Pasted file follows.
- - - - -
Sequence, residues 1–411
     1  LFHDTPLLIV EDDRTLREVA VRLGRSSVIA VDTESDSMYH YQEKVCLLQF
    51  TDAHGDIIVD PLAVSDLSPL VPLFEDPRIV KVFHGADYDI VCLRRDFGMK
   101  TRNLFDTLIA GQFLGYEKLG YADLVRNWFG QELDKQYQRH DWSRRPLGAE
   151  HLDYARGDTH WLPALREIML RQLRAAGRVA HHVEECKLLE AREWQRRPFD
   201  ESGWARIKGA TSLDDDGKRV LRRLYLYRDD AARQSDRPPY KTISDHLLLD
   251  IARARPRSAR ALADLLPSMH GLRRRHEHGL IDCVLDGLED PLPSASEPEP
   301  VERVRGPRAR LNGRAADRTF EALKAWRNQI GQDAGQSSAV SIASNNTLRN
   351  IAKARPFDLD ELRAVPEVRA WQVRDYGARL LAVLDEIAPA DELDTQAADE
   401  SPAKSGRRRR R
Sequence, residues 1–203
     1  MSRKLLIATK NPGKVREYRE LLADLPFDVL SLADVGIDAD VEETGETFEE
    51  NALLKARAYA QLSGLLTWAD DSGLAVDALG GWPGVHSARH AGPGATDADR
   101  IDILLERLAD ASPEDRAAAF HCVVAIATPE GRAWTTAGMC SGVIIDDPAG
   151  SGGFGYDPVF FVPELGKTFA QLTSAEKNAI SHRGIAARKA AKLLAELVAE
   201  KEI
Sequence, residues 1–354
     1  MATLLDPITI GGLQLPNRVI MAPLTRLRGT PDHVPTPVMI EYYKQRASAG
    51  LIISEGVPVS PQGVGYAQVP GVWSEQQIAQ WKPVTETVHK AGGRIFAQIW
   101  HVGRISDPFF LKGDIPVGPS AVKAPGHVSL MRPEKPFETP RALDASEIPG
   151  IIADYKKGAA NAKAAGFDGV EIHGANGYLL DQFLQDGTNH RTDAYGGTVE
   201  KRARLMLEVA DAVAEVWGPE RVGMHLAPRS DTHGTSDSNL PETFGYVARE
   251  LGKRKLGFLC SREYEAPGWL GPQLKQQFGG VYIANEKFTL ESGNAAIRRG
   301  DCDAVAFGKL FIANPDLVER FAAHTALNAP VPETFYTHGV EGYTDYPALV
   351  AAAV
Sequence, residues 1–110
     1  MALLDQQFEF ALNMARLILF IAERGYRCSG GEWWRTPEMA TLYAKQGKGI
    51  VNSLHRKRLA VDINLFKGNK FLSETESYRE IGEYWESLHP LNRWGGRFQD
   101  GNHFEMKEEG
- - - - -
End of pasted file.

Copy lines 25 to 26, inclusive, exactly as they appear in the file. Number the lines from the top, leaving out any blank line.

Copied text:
   351  AAAV
Sequence, residues 1–110